DISCLOSE Act would require corporations, labor unions, and other groups to disclose campaign donations of more than $10,000, but it faces a GOP filibuster in the Senate.
J. Scott Applewhite/AP
Democrats on Capitol Hill are launching a new drive to impose more disclosure requirements on campaign donors in the heat of a presidential election poised to be the costliest in history.
The Senate will vote as early as Monday on the 2012 DISCLOSE Act, a bill that aims to offset some of the impact of the US Supreme Court's 2010 Citizens United decision, which allowed corporations, labor unions, and other interest groups to spend unlimited amounts on political campaigns. The DISCLOSE Act would require such groups to report donations of $10,000 or more to the Federal Election Commission.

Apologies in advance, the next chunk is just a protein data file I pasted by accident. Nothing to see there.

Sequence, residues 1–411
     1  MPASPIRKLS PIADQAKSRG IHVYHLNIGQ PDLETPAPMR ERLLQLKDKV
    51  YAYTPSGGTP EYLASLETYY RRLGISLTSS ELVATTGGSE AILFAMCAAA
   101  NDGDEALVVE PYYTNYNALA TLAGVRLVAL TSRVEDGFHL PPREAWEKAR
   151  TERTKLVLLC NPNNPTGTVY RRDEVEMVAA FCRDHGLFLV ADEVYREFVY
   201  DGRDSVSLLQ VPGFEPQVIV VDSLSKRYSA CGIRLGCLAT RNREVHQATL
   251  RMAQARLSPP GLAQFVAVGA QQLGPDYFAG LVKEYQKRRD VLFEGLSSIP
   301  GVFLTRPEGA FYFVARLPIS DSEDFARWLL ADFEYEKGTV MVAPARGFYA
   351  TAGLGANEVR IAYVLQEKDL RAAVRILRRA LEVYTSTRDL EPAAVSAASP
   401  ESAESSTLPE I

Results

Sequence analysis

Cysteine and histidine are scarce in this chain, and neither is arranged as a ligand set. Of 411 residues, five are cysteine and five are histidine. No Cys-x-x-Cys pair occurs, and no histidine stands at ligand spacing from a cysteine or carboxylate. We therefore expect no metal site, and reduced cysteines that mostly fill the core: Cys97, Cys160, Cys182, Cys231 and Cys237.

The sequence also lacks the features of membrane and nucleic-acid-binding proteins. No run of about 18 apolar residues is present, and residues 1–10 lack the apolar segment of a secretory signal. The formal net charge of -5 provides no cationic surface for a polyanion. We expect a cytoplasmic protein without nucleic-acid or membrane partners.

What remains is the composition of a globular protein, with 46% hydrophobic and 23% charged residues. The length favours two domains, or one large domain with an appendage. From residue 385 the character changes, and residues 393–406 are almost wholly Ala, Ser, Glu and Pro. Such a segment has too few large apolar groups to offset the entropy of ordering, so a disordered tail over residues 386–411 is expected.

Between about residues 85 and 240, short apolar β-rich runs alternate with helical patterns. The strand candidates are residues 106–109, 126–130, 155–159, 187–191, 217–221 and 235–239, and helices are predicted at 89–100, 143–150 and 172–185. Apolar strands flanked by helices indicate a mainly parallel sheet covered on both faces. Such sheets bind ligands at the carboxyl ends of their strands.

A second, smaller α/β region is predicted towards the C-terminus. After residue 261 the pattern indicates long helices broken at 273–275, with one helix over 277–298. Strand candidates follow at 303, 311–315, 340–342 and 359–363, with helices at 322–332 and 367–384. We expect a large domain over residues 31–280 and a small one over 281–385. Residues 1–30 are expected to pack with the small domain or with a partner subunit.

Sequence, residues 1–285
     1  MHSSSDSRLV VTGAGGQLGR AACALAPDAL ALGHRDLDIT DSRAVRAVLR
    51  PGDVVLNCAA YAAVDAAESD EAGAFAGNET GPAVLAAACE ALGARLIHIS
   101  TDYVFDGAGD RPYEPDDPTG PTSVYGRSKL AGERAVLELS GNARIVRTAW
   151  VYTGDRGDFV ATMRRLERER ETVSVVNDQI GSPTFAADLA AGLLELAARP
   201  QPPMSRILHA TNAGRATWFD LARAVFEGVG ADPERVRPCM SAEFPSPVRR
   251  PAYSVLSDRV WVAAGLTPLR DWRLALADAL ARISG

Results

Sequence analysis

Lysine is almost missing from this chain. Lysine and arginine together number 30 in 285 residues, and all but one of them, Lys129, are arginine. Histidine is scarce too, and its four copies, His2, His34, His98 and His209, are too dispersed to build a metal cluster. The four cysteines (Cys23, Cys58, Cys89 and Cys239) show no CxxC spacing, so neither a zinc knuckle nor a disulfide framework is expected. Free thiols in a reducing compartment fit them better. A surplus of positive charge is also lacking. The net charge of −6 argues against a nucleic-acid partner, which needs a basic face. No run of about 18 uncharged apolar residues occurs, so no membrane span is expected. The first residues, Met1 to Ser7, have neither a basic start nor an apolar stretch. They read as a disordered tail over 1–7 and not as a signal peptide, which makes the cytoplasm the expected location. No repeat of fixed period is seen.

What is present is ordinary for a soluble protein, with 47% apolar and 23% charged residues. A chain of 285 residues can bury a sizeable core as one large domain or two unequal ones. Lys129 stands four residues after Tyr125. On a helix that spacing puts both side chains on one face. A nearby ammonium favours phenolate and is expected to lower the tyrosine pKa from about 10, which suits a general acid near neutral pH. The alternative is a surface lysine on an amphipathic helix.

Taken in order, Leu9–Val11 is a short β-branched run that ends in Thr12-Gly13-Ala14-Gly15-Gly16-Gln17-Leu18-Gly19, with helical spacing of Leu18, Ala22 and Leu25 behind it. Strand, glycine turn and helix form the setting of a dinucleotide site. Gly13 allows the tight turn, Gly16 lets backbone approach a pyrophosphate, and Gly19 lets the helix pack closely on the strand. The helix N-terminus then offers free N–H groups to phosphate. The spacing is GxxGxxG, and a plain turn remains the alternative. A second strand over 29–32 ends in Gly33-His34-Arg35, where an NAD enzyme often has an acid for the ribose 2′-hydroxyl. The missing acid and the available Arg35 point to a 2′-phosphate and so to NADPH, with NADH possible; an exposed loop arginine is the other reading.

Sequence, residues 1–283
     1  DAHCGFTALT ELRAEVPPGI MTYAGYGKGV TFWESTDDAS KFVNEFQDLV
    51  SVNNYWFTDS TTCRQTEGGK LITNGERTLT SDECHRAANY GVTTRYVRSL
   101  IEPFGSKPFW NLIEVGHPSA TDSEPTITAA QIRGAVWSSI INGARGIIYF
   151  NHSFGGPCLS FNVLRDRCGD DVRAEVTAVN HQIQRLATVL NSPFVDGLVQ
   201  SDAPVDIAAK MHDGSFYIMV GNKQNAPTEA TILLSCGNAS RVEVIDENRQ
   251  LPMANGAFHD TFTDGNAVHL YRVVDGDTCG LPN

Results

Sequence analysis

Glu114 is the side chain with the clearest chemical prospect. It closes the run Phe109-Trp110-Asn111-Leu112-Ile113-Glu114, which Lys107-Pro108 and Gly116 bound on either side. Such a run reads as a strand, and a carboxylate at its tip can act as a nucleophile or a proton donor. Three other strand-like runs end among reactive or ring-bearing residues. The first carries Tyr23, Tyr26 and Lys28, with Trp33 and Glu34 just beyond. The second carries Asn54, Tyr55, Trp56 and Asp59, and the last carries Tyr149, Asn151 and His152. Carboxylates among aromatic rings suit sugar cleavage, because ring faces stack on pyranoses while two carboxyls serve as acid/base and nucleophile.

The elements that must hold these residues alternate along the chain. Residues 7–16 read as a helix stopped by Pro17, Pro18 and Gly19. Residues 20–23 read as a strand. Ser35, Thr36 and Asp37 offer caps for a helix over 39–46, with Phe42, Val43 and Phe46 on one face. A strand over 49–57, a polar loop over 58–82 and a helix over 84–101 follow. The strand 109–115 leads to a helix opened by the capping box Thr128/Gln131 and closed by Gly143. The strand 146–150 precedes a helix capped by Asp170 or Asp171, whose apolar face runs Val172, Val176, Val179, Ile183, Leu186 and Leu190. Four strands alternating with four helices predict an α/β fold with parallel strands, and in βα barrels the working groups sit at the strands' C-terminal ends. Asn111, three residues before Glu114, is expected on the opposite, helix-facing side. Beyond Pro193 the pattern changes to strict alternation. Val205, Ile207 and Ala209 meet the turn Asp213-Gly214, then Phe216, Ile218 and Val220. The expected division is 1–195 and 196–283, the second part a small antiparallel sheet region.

“We’ve basically entered the Wild West of campaign finance,” said Sen. Charles Schumer (D) of New York at a press conference on Thursday. “We believe this offers a fresh opportunity to reform and we’re going to seize it.”
With Republicans firmly opposed, the measure has little chance of passing Congress in time to force new transparency on the 2012 campaign cycle. Still, Democrats aim to use the vote to paint Republicans as standing for special interests, while Republicans say such disclosure is little more than an attempt to identify, intimidate, or even punish political enemies.